A man was pronounced dead in Room 2040 of the Valley Life Science Building, or VLSB, on May 28, according to an email from UCPD spokesperson Sgt. Nicolas Hernandez.
According to the email, a security patrol officer and police officers responded to reports of an unresponsive male at VLSB. The man was pronounced deceased at the scene, and the Alameda County Sheriff’s Office Coroner’s Bureau is currently investigating the cause of death. UCPD currently has no evidence that the event was a homicide.
According to recently graduated campus alumnus Andres Gomez, he walked into his Psychology of Personality class about 9:30 a.m. and saw a man sitting in a chair in a corner. Gomez said he also noticed a “pretty bad” smell.
Gomez said that two hours passed, and then one of his classmates tapped him on the shoulder to ask for help in moving the man to the ground.
“She was on the phone with 911. She treated him as unresponsive. She didn’t know that he was dead,” Gomez said. “His eyes were open and his mouth was open.”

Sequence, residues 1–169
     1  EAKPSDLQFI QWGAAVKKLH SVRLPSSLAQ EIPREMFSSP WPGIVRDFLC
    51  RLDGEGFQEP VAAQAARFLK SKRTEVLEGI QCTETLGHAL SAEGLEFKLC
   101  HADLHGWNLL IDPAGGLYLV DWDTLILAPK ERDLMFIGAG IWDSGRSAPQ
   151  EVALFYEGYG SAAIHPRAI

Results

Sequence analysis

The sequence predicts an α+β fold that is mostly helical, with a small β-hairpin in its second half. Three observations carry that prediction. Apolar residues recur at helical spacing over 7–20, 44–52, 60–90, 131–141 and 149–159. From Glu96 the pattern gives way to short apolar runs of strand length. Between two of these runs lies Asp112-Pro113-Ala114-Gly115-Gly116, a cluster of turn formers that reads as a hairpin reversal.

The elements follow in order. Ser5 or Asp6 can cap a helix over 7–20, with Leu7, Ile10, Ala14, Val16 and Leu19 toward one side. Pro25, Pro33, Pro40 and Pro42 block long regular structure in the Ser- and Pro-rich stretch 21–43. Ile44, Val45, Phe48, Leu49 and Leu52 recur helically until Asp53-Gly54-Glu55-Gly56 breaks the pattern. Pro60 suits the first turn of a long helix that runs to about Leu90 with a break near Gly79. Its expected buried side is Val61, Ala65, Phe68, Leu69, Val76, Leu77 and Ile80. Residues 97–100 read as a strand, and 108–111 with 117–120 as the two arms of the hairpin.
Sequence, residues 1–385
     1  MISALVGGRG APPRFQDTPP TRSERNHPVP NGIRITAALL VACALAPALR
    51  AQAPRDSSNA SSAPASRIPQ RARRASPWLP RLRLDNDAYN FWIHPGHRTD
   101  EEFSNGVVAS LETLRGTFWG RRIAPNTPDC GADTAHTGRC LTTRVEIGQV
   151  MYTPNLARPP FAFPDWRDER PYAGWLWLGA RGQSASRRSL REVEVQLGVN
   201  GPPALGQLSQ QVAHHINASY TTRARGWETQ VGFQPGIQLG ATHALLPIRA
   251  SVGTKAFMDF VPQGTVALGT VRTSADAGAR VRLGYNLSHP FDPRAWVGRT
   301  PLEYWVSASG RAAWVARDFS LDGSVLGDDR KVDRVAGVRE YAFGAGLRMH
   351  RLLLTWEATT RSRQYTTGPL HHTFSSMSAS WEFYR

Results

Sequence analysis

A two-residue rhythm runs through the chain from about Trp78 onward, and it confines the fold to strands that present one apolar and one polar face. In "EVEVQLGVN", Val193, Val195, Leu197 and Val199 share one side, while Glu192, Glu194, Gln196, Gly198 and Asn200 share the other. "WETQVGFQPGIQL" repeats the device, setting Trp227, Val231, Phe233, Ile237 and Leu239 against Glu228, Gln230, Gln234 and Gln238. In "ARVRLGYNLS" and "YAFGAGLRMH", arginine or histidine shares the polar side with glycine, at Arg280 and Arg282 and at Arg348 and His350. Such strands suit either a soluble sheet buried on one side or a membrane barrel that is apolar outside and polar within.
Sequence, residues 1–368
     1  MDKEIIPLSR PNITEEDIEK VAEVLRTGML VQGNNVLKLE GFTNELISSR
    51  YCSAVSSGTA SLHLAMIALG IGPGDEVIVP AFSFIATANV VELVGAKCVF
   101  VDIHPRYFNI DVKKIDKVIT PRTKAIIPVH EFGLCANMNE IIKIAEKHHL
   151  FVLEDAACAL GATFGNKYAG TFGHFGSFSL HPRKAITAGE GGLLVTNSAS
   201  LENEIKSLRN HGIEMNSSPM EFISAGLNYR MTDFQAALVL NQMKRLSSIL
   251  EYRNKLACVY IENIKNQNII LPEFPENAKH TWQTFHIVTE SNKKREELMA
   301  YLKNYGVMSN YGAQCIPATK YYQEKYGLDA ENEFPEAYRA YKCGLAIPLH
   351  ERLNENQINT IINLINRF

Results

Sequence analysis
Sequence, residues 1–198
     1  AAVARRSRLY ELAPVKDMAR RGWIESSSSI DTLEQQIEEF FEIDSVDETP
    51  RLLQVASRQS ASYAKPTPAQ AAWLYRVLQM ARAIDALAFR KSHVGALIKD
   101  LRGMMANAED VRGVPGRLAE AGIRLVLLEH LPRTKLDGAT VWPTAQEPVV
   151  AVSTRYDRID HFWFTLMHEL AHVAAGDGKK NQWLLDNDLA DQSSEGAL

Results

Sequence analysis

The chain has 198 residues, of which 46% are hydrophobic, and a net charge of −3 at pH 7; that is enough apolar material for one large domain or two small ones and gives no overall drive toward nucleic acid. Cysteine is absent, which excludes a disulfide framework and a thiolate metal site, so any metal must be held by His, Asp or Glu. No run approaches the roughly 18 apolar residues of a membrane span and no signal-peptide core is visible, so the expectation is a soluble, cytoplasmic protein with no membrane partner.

According to Gomez, he told the professor, and the police arrived shortly afterward. Gomez said he had enrolled in the class “for fun” after graduating from UC Berkeley and withdrew from the class after this event occurred.
The day after the incident, the professor of the class, Oliver John, sent a message to the class thanking those who noticed the man and decided to call for help.
The message also explained that police stated that the person was not from the campus community and that they will need to investigate the matter. John encouraged the students in the class to share “experience and feelings with friends or family, as feels right,” recommending psychological services at the Tang Center and announcing that he would make time to follow up with students the next week.
According to the message, John reported the incident to the department chair, professor Ann Kring, and requested to teach the class in a new room.
A previous version of this article incorrectly stated that Oliver John recommended in a class message that students “experience and feelings with friends of family, as feels right.” In fact, he recommended that students “experience and feelings with friends or family, as feels right.”